Anne Redpath (1895 – 1965)
A prominent career as a painter led her to be the first woman to become an Academician of the Royal Scottish Academy and an influential member of the Scottish art world.
Born in Scotland and moving from Galashiels to Hawick aged 6, Anne Redpath was a Scottish artist whose vivid domestic still lifes remain her best-known works. She found inspiration in her father’s work as a tweed designer in the Scottish Borders, seeing a connection between his use of colour and her own. Redpath was most notably influenced by both Matisse and Bonnard.
I do with a spot of red or yellow in a harmony of grey, what my father did in his tweed.
Aged 18, Anne Redpath began her studies at Edinburgh College of Art under Robert Burns, Henry Lintott and D. M. Sutherland. After completing a postgraduate degree in 1919 she was awarded a scholarship which allowed her to travel to Brussels, Bruges, Paris, Florence and Siena.
This nurtured both her interest in 14th century Italian painting and her love of travel. Her trips abroad had a significant impact on her life and work, most notably in inspiring her to incorporate new colour palates into her paintings.
In 1920 she married James Michie, an architect, and moved to France where they started a family and had three sons. At this time Redpath committed very little time to painting, instead choosing to focus on family life. Despite this, she still produced enough works to exhibit in both 1921 and 1928.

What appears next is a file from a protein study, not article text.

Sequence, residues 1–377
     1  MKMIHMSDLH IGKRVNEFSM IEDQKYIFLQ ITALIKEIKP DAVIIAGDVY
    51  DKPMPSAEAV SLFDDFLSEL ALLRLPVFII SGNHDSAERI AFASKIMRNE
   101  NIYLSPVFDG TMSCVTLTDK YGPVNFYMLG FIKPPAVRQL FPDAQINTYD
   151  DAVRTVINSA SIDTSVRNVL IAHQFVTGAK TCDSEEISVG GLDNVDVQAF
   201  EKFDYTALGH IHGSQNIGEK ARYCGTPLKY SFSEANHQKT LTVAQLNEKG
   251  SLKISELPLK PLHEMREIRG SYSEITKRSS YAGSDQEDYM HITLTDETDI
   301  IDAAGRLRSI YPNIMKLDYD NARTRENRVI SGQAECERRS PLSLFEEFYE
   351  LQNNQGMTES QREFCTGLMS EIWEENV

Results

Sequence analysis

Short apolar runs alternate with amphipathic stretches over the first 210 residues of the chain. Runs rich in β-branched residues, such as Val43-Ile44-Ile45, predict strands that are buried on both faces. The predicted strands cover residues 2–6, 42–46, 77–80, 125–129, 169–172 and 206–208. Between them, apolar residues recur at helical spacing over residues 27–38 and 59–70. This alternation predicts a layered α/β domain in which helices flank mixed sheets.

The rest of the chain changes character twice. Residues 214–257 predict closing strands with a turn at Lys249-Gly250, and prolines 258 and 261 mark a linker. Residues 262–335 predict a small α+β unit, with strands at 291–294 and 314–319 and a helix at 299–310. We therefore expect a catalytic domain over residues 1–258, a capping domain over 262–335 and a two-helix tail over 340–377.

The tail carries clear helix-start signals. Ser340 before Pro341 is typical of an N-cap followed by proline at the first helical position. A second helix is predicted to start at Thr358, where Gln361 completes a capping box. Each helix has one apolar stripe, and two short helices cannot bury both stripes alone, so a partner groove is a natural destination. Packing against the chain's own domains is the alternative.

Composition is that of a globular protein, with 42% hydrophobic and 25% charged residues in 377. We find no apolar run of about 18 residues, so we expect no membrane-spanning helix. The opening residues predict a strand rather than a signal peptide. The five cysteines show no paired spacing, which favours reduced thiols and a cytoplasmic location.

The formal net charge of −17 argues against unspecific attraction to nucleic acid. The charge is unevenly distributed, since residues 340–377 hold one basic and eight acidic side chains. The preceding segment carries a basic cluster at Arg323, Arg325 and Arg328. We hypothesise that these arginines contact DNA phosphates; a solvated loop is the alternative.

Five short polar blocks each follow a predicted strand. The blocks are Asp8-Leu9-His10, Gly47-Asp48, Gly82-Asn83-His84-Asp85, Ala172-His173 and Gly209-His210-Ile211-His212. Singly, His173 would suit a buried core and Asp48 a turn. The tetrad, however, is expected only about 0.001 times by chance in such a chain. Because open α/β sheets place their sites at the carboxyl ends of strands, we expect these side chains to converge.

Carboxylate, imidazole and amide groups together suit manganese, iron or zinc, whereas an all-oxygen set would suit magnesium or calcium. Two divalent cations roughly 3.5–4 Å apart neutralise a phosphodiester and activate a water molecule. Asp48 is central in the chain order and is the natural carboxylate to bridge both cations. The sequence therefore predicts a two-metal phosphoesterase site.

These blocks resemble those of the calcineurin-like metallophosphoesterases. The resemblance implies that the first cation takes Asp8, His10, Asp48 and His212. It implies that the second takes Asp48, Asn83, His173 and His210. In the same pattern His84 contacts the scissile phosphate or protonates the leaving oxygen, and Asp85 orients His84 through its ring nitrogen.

On her return to Scotland in 1934 she started to sketch the countryside around Hawick where her work took on a more muted look than seen previously, often favouring a limited palette with a few brighter colours used to enliven the composition.
Once back in Scotland, she began exhibiting in Edinburgh and became president of the Scottish Society of Women Artists from 1944 to 1947. During this time Redpath became a distinguished member of the Scottish art world, forming many enduring friendships including fruitful working relationships with The Scottish Gallery, who hosted her first solo exhibition, and Reid and Lefevre in London.
She established herself as one of the great figures of 20th century Scottish painting, being linked to the Scottish Colourists and becoming a pivotal figure in the group of painters now referred to as
The Edinburgh School.
The work of the Edinburgh School is characterised by virtuoso displays in the use of paint, vivid and often non-naturalistic colour and themes such as still-life, seascape and landscape.
Moving into Edinburgh in 1949, Redpath spent many periods of her later life regularly travelling throughout Europe. The Royal Scottish Academy admitted her as an associate in the late 1940s and she became the first woman Academician in 1952. She was awarded an OBE in 1955 for her work as an artist and for her time spent as a,
Member of the Board of Management of the Edinburgh College of Art.
Her work is still highly regarded today and can be seen at many galleries across the country, including as part of the Tate collection.